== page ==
l would argue that the P/l Clause has been swallowed whole by SDP, but the States' freedom of action has been severely constrained by the 14Am. lt seems to me that P/l would, at bare minimum, encompass the 1Am, RKBA, and the unenumerated right to travel. Read in pari materia, it appears that the goal was to apply the BoR to the States, owing to the fact that the States could not be trusted to do it without supervision. lt is a fair reading of Rep. Bingham's intent, and consistent with the text itself.

lt largely disembowels the States' Rights Clause of the Tenth, but that appears to be what they had in mind. The modern-day conservative wants to impose his (generally, religious) worldview on individual States, but COTUS seems to have none of it.

As for professional licensing, Justice Willett's (SCOTX) concurrence in Patel is the gold standard. His sound analysis has applicability with respect to your other concerns.

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LawDog
on August 08, 2017 at 10:22:19 am

I reject the Fundemental/non-Fundemental distinction which does not appear in the text nor any Founding era source. Instead the rights desribed in the Ninth Amendment are natural rights which pre-exist government. As such government recognition of a marriage can never be a natural right and therefor cannot be a Ninth Amendment right.

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Devin Watkins
on August 08, 2017 at 10:34:22 am

With all respect, Paul, it appears to be the only argument the Talibani strain of Christians (many embrace Matt. 7:12) has left wrt SSM. They are the lSlS of Christianity: they are uncomfortable unless women are wearing the proverbial chador. They--including lawyers l count as personal friends--are still advancing the argument, albeit under fairer cloak. But distilled to essentials, it is the argument of the Sekulow/Schlafly crowd. They fear this brave new world ...

My comments are sarcastic, but not bigoted, insofar as l do not paint all Christians with the same brush. But if l need to be more explicit, l will merely say that most Christians are "not with stupid."

WRT SSM, l don't have a dog in the hunt. But COTUS locuta est, causa finita est. The Constitution has spoken, and my personal opinion doesn't count for squat. Either you will accept it as originally written--Justice lredell called it a "great power of attorney"; it is a treaty, creating an express and limited agency--or you do not. WRT abortion, the 5/14Am only protects "persons," and at common law, it did not protect fetal life (abortion before quickening--the essential holding of Roe--was permissible at common law, to Lord Coke's chagrin). What you or l might think is irrelevant (unless you are a disciple of Larry Tribe); the only legitimate remedy for those who oppose it is to pass a constitutional amendment.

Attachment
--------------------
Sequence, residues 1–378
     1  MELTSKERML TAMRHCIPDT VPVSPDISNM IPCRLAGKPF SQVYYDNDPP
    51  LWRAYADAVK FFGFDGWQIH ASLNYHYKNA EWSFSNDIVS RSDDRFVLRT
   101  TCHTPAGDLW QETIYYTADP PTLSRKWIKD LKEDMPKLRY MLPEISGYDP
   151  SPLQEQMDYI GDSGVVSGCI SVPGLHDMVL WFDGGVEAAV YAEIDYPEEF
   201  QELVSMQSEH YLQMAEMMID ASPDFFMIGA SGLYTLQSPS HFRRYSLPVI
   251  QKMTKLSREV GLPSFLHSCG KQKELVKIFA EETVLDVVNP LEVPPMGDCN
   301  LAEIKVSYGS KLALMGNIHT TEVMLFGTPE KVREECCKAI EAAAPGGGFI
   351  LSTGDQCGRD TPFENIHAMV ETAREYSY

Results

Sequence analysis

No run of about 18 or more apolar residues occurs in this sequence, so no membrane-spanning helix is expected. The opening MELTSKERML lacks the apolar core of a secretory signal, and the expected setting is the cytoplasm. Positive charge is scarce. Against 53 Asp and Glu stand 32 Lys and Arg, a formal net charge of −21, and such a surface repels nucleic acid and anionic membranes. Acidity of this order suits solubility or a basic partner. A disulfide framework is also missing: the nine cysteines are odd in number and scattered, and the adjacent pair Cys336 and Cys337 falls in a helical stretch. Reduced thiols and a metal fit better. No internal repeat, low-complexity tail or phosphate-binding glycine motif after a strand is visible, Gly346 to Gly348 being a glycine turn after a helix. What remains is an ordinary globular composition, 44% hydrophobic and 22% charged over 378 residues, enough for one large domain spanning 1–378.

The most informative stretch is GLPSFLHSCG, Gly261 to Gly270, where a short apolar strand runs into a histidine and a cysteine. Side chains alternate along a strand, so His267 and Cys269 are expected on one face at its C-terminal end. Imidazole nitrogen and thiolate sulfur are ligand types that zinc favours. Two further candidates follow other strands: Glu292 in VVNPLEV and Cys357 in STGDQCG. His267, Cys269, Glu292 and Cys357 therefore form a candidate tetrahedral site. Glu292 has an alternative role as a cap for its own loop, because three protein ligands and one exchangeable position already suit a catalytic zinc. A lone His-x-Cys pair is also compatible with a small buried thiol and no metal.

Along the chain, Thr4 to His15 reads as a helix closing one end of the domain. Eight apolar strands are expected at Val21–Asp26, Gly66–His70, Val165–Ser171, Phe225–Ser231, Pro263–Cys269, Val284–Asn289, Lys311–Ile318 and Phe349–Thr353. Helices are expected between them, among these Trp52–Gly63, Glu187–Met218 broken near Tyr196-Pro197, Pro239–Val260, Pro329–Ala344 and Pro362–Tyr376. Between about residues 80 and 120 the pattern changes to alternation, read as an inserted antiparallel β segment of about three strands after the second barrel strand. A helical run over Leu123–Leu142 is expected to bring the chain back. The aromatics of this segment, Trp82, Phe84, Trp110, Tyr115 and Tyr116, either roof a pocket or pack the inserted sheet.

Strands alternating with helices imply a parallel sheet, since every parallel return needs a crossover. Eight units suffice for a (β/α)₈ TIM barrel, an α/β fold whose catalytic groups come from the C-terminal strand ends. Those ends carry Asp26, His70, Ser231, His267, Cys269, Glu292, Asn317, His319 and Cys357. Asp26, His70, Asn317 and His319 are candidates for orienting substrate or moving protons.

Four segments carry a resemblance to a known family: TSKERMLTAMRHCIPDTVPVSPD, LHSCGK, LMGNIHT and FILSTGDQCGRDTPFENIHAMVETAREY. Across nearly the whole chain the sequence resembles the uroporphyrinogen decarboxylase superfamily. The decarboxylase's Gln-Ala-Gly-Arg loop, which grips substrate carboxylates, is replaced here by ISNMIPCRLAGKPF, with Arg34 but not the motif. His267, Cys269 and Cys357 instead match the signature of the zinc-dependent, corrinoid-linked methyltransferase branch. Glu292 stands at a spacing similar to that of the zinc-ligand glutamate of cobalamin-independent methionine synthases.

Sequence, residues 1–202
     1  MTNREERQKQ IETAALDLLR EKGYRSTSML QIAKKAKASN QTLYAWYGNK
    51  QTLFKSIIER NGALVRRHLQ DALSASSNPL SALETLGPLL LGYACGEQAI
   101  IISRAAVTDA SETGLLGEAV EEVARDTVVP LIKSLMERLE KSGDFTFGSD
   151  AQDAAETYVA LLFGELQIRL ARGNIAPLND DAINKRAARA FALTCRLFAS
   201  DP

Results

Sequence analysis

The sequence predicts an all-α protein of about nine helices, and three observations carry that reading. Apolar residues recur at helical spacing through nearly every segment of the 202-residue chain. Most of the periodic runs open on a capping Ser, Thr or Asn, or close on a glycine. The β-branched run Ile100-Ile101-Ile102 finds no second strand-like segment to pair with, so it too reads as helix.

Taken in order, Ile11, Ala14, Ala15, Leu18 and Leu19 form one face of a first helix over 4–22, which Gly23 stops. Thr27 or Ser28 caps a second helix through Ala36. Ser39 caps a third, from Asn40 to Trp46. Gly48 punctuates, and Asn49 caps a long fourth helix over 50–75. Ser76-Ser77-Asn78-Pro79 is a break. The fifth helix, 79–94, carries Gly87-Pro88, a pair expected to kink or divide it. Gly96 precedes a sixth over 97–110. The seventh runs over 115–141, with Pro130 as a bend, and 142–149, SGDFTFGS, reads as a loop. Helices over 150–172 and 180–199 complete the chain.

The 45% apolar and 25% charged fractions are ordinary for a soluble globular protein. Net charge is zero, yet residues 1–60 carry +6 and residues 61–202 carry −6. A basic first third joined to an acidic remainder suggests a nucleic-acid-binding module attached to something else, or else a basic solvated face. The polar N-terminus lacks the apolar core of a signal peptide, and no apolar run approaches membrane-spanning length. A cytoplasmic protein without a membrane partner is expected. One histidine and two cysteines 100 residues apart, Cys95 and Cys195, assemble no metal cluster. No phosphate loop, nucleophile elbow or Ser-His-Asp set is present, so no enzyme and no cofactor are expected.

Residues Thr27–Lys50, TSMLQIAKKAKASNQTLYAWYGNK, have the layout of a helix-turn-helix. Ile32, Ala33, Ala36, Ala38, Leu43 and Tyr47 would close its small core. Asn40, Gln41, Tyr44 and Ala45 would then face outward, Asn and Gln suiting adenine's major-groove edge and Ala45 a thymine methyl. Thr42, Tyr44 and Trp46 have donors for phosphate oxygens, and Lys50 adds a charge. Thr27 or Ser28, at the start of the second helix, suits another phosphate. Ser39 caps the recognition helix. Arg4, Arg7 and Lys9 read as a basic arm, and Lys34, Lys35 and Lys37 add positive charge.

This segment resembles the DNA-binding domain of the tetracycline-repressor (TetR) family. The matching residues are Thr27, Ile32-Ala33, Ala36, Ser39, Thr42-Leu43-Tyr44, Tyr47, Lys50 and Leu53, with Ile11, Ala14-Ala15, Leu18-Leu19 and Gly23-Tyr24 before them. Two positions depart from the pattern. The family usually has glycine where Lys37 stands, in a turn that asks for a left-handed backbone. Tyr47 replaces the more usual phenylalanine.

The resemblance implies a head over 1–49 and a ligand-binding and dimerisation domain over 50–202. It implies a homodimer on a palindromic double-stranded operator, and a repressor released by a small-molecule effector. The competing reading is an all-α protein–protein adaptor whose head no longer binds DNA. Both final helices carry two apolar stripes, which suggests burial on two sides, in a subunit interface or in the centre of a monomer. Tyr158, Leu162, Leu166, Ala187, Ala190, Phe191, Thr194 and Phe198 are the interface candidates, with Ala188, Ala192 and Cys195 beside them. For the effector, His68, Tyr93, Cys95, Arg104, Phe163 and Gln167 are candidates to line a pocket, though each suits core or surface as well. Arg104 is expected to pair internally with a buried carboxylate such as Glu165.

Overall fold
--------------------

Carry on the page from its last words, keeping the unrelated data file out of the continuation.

Based on the above, what part of my comments do you find "egregious"?

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LawDog
on August 08, 2017 at 10:40:56 am

Yep! Fair enough. Our other readers may also recall that Bingham also had an understanding of the P&I that was somewhat more limited than that proposed today by many libertarians. And yep, it does seem as if the intent was to severely restrict "States rights" (state sovereignty and police powers).

BUT, I think it may be a stretch to imply that the urge for some conservatives to impose their *own8 view on State "policing" actions is exclusively or primarily motivated by a religious impulse. doubtless, there are many examples of this; yet, it is also possible to possess and profess such attitudes even if one starts with a natural rights foundation or traditional moral codes.

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gabe
on August 08, 2017 at 10:45:42 am

Devin, how is recognition of the marriage contract materially different from its recognition of our contract for the sale of my car?

On DeFoe's desert island (or in the Lockean wilderness), Robinson Crusoe can agree to marry Friday. lt is like any other contract. lf the fight to contract falls under the ambit of natural rights--it is an essential corollary of the right to own property--then it cannot be credibly argued that it is not contemplated by the Ninth.

We can void contracts for the sale of marijuana of for sexual services under the police power, but what is the source of the government's power to void the SSM contract?

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LawDog
on August 08, 2017 at 10:50:16 am

Your comments speak for themselves. As do mine; and I see no reason here, now to retract or clarify them. Your further comments serve only a mere confirmation.

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Paul Binotto
on August 08, 2017 at 10:50:34 am

That's why l said "generally." There are conservatives who are not motivated by religious views, but they are few and far between. The essential conflict is between Lockean (libertarian) concepts of natural law and that of Aquinas, and the non-religious man tends to discount the latter.